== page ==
The results of two surveys regarding the controversy surrounding the Hart High School mascot were reported during the William S. Hart Union High School District governing board meeting on Wednesday.
Both surveys, according to Hart Principal Jason d’Autremont, showed that a plurality of both staff and students are in favor of keeping the mascot as the Indian.
Of the surveys distributed online to the approximate 180 Hart staff, 61 voted to keep the mascot, 47 voted to change the mascot, 15 had no preference and a total of 123 staff members, or 68% responded to the prompt and shared their opinion of the mascot.
Given paper slips on their first day back to campus, a total of 1,343 students, or 64% of the approximately 2,100 students, responded to the survey. Of those, 661 voted to keep the mascot, 342 voted to change and 340 had no preference.
Both the juniors and seniors had a higher number of votes to change the mascot than did the sophomores and freshmen, but the two younger grades had larger numbers of “no preference” than they did “change” votes. All four grades had more “keep the mascot” votes than they did “change the mascot” votes.
In explaining the apparent disparity between the grades, d’Autremont suggested the higher no preference selection by the younger grades could be due to the freshmen and sophomores having had less time on the campus and likely being unfamiliar with the issue. Student board member Kaitlyn Thanaet seemed to agree with that assessment and suggested the younger students may feel differently once they had become more educated on the subject.
The board emphasized during the meeting that, regardless of the findings, no further action or discussions would take place on Wednesday, with the board promising future opportunities for the families and community stakeholders to voice their input at future meetings.
This is not the first exploratory or educational session the board has held on the mascot issue since the issues surrounding the mascot were rekindled last year.
In one of their first study sessions on the subject this year on Feb. 9, multiple current students and alumni voiced either their support or opposition of the Indian mascot. During that meeting, school officials explained how the mascot has been in use since the 1940s and Laury Strauss, the former principal of Hart, explained how the school attempted to tackle the issue in the 1990s.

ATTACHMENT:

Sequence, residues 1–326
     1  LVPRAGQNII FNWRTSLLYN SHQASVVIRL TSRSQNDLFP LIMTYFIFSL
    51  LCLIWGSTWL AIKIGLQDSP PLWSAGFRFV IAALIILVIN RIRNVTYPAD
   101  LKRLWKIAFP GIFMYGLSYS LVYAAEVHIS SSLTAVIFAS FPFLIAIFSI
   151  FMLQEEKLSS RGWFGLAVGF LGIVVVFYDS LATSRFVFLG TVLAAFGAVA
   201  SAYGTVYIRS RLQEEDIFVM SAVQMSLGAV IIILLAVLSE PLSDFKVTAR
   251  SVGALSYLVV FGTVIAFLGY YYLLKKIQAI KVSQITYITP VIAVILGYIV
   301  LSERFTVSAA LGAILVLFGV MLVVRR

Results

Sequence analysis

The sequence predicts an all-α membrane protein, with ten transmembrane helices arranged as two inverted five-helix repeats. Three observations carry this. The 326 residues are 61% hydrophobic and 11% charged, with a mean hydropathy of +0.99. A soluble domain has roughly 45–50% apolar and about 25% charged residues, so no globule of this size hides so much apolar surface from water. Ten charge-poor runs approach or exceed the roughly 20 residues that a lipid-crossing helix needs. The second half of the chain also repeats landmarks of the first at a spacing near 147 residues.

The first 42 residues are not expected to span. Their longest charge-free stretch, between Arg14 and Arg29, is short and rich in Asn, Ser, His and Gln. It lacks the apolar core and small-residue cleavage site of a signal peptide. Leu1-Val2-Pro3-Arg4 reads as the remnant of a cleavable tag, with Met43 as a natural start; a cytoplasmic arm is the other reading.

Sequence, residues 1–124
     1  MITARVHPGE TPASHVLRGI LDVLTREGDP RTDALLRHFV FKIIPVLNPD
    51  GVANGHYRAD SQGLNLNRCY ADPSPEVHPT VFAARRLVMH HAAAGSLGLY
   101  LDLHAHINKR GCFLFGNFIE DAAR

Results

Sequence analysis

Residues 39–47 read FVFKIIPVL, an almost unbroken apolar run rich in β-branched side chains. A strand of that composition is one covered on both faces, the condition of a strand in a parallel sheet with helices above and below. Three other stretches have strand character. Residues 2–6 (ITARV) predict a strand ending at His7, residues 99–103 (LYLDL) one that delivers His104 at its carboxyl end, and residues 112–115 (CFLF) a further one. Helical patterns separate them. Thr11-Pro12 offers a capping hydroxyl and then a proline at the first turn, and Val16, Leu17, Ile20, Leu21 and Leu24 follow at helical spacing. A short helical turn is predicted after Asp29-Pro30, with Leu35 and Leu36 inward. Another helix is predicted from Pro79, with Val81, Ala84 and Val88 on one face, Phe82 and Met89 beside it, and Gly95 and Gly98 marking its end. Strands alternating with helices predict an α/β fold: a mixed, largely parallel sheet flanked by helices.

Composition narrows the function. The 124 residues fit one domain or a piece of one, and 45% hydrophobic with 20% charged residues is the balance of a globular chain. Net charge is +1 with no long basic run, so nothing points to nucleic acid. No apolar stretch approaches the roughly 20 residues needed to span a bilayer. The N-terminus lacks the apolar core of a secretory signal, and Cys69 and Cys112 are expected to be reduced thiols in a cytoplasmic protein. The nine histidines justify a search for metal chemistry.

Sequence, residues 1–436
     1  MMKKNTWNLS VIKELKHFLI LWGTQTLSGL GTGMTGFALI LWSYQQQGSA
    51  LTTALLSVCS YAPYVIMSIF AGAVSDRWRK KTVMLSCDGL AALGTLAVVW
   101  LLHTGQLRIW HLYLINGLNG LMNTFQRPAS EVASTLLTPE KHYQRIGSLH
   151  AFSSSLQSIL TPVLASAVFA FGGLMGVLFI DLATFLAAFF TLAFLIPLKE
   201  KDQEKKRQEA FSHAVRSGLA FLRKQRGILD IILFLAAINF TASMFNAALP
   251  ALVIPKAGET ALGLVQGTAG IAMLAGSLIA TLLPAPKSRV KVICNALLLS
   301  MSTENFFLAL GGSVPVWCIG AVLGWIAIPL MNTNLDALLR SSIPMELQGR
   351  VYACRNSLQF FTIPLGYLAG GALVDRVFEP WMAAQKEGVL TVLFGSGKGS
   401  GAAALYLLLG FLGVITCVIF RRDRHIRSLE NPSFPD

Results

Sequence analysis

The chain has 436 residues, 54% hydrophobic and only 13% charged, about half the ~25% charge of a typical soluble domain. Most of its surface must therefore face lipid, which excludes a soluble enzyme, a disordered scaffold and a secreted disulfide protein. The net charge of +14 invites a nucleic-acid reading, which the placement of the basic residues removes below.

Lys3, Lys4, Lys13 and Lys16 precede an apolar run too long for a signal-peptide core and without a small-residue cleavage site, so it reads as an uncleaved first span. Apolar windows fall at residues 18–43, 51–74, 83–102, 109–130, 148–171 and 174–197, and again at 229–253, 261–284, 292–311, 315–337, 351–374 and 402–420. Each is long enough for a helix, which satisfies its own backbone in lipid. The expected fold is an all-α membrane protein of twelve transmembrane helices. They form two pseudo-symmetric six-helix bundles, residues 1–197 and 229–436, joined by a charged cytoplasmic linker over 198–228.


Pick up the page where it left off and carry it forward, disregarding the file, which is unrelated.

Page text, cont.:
At that time, Strauss said words to the Hart fight song and school chants were changed or retired, they banned the wearing of headdresses during rallies and required approval for any logos with the depiction of the Indian mascot.
However, opponents during the Feb. 9 meeting and in a Feb. 17 meeting, which was attended by Rudy Ortega, the tribal president of the Fernandeño Tataviam Band of Mission Indians, have said the mascot gives a misrepresentative and offensive representation of local Native American culture and tradition.
Ortega, during the Feb. 17 study session, said things such as the mascot having inaccurate regalia and there being a lack of understanding regarding the painful history of local tribes and their endangered traditions, can lead to local Native American students and their classmates being given a false view of heritage surrounding the Tataviam Band of Mission Indians.
After the survey results were presented, a handful of board members expressed their opinions on the subject, with board member Linda Storli saying the district should rid itself of race-based mascots, while board member Joe Messina once again asked for there to be further discussion on how to take the mascot from a negative to a positive representation of Native Americans and to allow the community to decide on the issue.
Both Superintendent Mike Kuhlman and d’Autremont said there would be further discussion and engagement about the mascot made available for families and local stakeholders during an April 26 Zoom meeting.